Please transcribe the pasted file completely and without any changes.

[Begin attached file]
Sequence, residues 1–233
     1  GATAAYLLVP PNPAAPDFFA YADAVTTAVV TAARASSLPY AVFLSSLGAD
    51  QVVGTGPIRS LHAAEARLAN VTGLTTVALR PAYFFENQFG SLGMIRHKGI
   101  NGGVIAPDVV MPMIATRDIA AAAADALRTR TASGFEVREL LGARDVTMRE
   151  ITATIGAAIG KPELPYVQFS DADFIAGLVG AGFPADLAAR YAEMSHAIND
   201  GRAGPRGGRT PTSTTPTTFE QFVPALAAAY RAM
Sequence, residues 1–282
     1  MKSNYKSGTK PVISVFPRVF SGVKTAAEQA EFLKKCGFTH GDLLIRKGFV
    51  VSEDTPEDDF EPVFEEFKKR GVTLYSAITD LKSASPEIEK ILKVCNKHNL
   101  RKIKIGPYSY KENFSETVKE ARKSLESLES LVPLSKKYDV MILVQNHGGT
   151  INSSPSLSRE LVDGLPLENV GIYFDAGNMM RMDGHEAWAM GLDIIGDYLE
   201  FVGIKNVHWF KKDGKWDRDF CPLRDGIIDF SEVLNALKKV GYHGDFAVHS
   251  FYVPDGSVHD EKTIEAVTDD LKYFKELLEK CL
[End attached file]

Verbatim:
Sequence, residues 1–233
     1  GATAAYLLVP PNPAAPDFFA YADAVTTAVV TAARASSLPY AVFLSSLGAD
    51  QVVGTGPIRS LHAAEARLAN VTGLTTVALR PAYFFENQFG SLGMIRHKGI
   101  NGGVIAPDVV MPMIATRDIA AAAADALRTR TASGFEVREL LGARDVTMRE
   151  ITATIGAAIG KPELPYVQFS DADFIAGLVG AGFPADLAAR YAEMSHAIND
   201  GRAGPRGGRT PTSTTPTTFE QFVPALAAAY RAM
Sequence, residues 1–282
     1  MKSNYKSGTK PVISVFPRVF SGVKTAAEQA EFLKKCGFTH GDLLIRKGFV
    51  VSEDTPEDDF EPVFEEFKKR GVTLYSAITD LKSASPEIEK ILKVCNKHNL
   101  RKIKIGPYSY KENFSETVKE ARKSLESLES LVPLSKKYDV MILVQNHGGT
   151  INSSPSLSRE LVDGLPLENV GIYFDAGNMM RMDGHEAWAM GLDIIGDYLE
   201  FVGIKNVHWF KKDGKWDRDF CPLRDGIIDF SEVLNALKKV GYHGDFAVHS
   251  FYVPDGSVHD EKTIEAVTDD LKYFKELLEK CL